Street Art, Oslo. Photo: Oslo Photo Tour. Image©thingstodot.com

Street Art, Oslo. Photo: Oslo Photo Tour. Image©thingstodot.com

I visited Oslo, Norway only for two days and after my initial research on places to visit in Oslo, I didn't feel drawn to visit the regular tourist attractions. Fortunately, I found a very good tourist guide Rami, who owns Oslo Photo Tour and organizes private guided tours of the city. He was able to take me to a few places which were not so touristy and that gave me an essence of real Oslo. Rami can be contacted at info@oslotour.com. 

I was staying at the famous Grand Hotel and we started our tour of the city from the Grand Café. 

1. Grand Café

Grand Café, Oslo, Norway. Photo: Oslo Photo Tour. Image©thingstodot.com

Grand Café, Oslo, Norway. Photo: Oslo Photo Tour. Image©thingstodot.com

The Grand Café is the renowned Norwegian restaurant and wine cellar of the Grand Hotel in Oslo. It opened in 1874 and for over 140 years has been visited by eminent world leaders, celebrities and Nobel Peace Prize laureates. The restaurant offers an old-world luxury charm with a welcoming and modern ambiance and stylish decor. If you visit the Grand Café, I highly recommend to take a look inside the Grand Hotel and spend some time there. It is one of the most prestigious and historic hotels in Oslo. 

Read my post on the Grand Café, Oslo. 

2. Vigeland Sculpture Park

Vigeland Sculpture Park, Oslo, Norway. Photo: Oslo Photo Tour. Image©thingstodot.com

Vigeland Sculpture Park, Oslo, Norway. Photo: Oslo Photo Tour. Image©thingstodot.com

This was probably the only very touristy place I visited in Oslo. My guide told me that I couldn't leave Oslo without seeing the park's 200 sculptures in bronze, granite and wrought iron, which are the lifework of artist Gustav Vigeland. The theme of the sculptures is man's journey from cradle to grave. It is the number one tourist attraction in Oslo.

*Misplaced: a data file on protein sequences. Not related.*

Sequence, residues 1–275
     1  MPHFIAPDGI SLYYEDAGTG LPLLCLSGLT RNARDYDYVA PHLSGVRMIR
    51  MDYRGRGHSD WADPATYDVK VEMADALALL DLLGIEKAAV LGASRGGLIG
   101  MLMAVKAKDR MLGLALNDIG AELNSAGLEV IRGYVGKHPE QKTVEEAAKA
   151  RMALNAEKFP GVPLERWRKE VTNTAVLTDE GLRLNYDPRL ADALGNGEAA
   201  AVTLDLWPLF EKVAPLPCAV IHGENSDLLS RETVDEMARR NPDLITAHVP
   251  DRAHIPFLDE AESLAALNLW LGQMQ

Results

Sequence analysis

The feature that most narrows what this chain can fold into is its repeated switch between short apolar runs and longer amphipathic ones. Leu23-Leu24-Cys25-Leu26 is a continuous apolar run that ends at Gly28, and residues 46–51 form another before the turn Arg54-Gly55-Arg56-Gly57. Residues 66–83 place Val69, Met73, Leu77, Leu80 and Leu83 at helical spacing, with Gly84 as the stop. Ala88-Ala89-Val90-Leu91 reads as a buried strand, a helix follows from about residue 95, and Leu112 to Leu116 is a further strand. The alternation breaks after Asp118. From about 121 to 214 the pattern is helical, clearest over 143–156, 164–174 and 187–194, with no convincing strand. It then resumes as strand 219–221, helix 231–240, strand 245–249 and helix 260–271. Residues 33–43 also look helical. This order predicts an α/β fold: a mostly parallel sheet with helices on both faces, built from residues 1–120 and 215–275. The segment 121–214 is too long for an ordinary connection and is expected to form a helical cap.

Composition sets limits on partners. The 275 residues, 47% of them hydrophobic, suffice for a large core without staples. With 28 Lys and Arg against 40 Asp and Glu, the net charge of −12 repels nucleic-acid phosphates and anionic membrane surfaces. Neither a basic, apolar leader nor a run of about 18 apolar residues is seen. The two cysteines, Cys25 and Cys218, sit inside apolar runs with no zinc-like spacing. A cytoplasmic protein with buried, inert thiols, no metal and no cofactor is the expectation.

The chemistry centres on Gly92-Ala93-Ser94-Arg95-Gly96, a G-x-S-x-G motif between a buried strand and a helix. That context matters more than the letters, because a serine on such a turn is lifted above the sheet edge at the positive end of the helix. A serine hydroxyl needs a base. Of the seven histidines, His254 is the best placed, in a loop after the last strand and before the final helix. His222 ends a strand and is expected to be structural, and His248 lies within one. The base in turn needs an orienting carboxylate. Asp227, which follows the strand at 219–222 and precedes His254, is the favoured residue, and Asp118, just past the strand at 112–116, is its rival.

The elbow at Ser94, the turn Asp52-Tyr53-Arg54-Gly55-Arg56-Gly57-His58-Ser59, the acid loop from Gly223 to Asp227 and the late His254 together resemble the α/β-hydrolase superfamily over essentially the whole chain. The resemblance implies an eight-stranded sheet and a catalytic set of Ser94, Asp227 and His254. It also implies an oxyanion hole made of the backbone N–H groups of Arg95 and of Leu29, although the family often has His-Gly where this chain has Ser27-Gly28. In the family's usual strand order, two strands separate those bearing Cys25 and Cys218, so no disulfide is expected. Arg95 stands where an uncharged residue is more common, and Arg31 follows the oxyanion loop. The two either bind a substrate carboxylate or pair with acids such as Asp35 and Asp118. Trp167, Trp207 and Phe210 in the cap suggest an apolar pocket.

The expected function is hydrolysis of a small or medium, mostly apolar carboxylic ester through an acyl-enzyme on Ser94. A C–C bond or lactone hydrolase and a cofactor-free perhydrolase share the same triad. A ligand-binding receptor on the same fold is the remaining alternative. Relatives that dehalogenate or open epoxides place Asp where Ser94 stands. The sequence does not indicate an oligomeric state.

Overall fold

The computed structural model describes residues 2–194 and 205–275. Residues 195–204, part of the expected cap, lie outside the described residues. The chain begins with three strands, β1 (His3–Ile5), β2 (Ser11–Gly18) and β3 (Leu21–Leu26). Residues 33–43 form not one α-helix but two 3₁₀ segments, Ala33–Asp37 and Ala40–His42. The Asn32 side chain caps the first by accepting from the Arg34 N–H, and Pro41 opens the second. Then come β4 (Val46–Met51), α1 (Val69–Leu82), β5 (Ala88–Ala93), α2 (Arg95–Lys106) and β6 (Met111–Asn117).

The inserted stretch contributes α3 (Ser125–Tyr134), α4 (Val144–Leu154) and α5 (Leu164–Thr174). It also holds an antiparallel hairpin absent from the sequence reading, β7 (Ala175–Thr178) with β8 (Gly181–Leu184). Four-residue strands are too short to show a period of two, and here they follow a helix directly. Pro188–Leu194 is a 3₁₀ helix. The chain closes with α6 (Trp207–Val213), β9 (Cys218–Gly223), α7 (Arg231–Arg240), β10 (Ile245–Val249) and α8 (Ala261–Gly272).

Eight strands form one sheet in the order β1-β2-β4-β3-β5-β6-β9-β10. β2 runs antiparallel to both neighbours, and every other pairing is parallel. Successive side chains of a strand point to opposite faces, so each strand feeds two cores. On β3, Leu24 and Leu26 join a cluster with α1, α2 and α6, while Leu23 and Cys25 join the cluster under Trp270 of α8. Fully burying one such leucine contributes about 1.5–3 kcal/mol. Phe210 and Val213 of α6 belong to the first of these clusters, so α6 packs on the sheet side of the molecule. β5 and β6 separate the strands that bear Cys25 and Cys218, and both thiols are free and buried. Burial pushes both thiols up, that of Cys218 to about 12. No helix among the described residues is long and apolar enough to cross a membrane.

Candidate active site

Read my post on the Vigeland Sculpture Park. 

3. Frognerseteren, Norwegian café and restaurant

Frognerseteren, traditional Norwegian café & restaurant, Oslo. Photo: Oslo Photo Tour. Image©thingstodot.com

Frognerseteren, traditional Norwegian café & restaurant, Oslo. Photo: Oslo Photo Tour. Image©thingstodot.com

Frognerseteren is an old world Norwegian café and restaurant. It is located at a ski recreational area Holmenkollen, 435 mts. above sea level. It took us about 15 minutes to go there from Vigeland Park. Built in the 19th century in dragon style, it gives you the true essence of Oslo. On clear days, you can enjoy stunning views of Oslo and the fjord from here. This is one place, you have to visit when you go to Oslo. 

Read my post on Frognerseteren, Norwegian café and restaurant.

4. Street art in Oslo

Street Art, Oslo. Photo: Oslo Photo Tour. Image©thingstodot.com

Street Art, Oslo. Photo: Oslo Photo Tour. Image©thingstodot.com

Street and urban art forms an intricate part of life in Oslo. Urban artists of international acclaim as well as local art enthusiasts have turned the streets of Oslo into a virtual art gallery. I visited the Brenneriveien & Vulkan areas of Oslo, very rich in street art. For art lovers, a visit here is highly recommended!

Read my post on Street Art in Oslo. 

5. Mathallen, food court in Vulkan

Mathallen, food court, Oslo, Norway. Photo: Oslo Photo Tour. Image©thingstodot.com

Mathallen, food court, Oslo, Norway. Photo: Oslo Photo Tour. Image©thingstodot.com

Located at Vulkan in Oslo, Mathallen is a food court with specialty shops, cafés and restaurants serving a wide range of cuisines. If you are in Oslo, I would really recommend swinging by here for a late morning brunch or an evening dinner. You can also walk to Brenneriveien from here for some great street art.

Read my post on Mathallen, food court in Vulkan. 

6. Wooden homes of Rodeløkka

Rodeløkka, Oslo, Norway. Photo: Oslo Photo Tour. Image©thingstodot.com

Rodeløkka, Oslo, Norway. Photo: Oslo Photo Tour. Image©thingstodot.com

Rodeløkka is a neighborhood in central Oslo known for its heritage wooden homes. In the early 1900s, Rodeløkka was primarily a slum area where only the working class population lived. The wooden homes posed a fire hazard and were eventually demolished for concrete homes. Today, only 137 wooden houses remain from the original neighborhood that are protected by the Norwegian Directorate for Cultural Heritage. 

Read my post on The wooden homes of Rodeløkka.

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